Charleston, in a show of solidarity, flies the Ukrainian flag above its City Hall

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The blue-and-yellow flag of Ukraine began flying above Charleston’s historic City Hall on Friday afternoon, a symbolic gesture of the South Carolina city’s solidarity with the Eastern European democracy that is now facing invasion by neighboring Russia.

The Ukrainian flag was raised at the government building in downtown Charleston shortly after 1 p.m., a city spokesman confirmed.

In a statement, Charleston Mayor John Tecklenburg noted the city has raised the flags of other countries at City Hall in the past. However, those occasions were often in celebration, such as flying the Irish flag on St. Patrick’s Day and raising the French flag on Bastille Day.

“Today, we fly the flag of Ukraine for a more solemn reason — to recognize the extraordinary valor of the Ukrainian people as they fight for their democracy against a brutal Russian dictator,” Tecklenburg said.

Similar gestures of solidarity have taken place all over the world, particularly in Europe, with landmark buildings illuminated in the Ukrainian colors of blue and yellow, from the world-famous Roman Colosseum to London’s 10 Downing Street.

“We’re proud to stand in solidarity with the brave men and women of Ukraine, and hope Mr. Putin will heed the call of decent people the world over to immediately end this cruel and unjust war,” Tecklenburg said in his statement.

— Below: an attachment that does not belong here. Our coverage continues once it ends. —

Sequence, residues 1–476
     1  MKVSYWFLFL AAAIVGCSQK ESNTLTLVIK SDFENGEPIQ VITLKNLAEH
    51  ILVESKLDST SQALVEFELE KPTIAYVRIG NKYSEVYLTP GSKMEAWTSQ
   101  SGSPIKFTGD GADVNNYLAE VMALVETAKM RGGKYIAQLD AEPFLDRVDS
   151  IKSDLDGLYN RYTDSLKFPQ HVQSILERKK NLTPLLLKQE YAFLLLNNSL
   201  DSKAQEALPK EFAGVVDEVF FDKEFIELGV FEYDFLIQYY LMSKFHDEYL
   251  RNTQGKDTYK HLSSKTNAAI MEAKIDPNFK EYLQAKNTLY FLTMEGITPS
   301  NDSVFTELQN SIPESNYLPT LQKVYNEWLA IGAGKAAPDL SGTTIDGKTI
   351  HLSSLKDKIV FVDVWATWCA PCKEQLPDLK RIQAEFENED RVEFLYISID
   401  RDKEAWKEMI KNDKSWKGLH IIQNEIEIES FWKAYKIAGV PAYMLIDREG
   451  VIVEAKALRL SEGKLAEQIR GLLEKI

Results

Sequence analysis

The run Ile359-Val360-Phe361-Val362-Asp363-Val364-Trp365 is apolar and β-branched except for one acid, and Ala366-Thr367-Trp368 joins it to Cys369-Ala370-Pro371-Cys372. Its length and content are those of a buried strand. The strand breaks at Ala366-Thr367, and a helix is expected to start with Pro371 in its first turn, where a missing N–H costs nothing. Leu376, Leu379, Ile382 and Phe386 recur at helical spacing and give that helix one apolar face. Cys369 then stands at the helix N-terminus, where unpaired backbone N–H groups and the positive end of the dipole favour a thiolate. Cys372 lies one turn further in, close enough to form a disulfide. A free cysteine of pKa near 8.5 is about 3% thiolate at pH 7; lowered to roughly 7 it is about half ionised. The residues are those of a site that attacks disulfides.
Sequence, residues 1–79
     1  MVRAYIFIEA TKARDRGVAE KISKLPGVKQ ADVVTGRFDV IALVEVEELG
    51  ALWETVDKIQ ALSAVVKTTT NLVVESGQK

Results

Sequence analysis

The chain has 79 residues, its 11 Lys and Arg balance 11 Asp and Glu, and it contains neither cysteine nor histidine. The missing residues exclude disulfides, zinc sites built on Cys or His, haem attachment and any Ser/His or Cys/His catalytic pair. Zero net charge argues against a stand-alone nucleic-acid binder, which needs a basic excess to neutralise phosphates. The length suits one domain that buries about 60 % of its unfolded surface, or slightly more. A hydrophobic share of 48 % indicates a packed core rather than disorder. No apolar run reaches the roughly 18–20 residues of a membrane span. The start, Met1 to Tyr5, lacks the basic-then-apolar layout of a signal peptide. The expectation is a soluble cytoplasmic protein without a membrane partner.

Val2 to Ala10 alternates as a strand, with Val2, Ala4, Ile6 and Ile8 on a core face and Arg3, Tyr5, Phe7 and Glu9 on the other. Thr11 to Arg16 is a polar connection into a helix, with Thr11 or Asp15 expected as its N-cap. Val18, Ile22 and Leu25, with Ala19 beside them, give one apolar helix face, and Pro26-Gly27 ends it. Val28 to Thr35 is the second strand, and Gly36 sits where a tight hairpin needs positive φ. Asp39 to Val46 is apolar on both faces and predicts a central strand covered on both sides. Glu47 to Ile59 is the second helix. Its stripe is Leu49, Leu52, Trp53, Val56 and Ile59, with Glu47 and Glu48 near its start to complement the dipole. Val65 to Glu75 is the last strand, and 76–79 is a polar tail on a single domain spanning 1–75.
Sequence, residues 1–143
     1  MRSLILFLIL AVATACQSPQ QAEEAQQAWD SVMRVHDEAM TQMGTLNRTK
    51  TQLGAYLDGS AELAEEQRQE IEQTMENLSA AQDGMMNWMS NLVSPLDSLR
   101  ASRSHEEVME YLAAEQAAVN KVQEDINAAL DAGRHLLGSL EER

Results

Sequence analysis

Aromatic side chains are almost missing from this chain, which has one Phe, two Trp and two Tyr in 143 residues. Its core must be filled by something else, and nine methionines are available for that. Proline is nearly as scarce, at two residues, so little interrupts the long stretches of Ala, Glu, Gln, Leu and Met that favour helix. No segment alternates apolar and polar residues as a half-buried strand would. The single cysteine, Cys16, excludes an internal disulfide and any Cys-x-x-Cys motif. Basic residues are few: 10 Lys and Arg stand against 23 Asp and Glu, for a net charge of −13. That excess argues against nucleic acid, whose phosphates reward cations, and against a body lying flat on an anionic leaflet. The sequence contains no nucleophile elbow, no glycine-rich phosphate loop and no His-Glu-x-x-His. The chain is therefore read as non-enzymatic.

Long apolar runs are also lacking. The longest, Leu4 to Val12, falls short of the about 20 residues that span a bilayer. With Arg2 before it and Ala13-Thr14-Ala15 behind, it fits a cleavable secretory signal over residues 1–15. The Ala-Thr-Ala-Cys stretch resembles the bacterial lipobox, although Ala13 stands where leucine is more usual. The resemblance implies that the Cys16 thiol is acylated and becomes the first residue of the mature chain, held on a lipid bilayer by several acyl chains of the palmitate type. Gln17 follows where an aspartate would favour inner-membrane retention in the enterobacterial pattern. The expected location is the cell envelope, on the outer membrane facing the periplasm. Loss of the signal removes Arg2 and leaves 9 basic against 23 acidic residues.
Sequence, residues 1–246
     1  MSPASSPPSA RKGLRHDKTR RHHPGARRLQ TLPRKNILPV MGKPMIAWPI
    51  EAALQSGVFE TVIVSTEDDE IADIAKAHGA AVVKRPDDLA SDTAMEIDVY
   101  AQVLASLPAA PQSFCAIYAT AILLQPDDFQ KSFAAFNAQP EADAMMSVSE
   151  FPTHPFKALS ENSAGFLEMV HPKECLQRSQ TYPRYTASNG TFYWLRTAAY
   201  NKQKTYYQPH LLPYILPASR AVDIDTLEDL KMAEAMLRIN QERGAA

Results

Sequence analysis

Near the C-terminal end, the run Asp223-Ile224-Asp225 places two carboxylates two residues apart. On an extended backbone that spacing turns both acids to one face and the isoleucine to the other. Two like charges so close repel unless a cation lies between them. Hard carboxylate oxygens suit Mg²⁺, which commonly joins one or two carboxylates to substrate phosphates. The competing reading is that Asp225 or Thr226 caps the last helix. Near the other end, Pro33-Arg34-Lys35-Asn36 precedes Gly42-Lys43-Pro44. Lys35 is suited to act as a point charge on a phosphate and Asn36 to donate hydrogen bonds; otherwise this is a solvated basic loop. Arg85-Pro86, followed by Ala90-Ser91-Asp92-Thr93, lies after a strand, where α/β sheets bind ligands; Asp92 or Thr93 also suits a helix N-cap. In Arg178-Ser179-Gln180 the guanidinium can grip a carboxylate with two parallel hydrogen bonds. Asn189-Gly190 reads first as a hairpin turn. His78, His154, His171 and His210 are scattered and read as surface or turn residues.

About 2,600 people who were born in Ukraine now live in South Carolina, according to 2019 Census figures, the latest available.

Spartanburg County has the largest population in South Carolina of people born in Ukraine, with 1,341 people. Charleston County, by comparison, is home to 128 Ukrainian-born individuals, according to those 2019 Census figures.

In a pre-dawn address on Russian television this week, Russian President Vladimir Putin announced that he was attacking Ukraine and warned other countries that any attempt to interfere would lead to “consequences you have never seen.”

Big explosions were heard before dawn in Kyiv, Kharkiv and Odesa as world leaders decried the start of an Russian invasion that could cause massive casualties and topple Ukraine’s democratically elected government.

In response, President Joe Biden has announced new sanctions designed to punish Russia and has ordered the deployment of thousands of additional troops to Germany, a NATO ally.

“Putin is the aggressor,” Biden said in a televised address Thursday afternoon. “Putin chose this war, and now he and his country will bear the consequences.”

South Carolina leaders have also condemned Russia’s invasion of Ukraine. On Wednesday night, the state’s senior U.S. Senator, Lindsey Graham, urged the world to “condemn Putin’s destruction of a neighboring democracy as a war crime.”

In his address on Thursday, Biden said America is a nation that stands up to bullies.

“We stand up for freedom. This is who we are,” Biden said. He then promised, “Putin will be a pariah on the international stage.”

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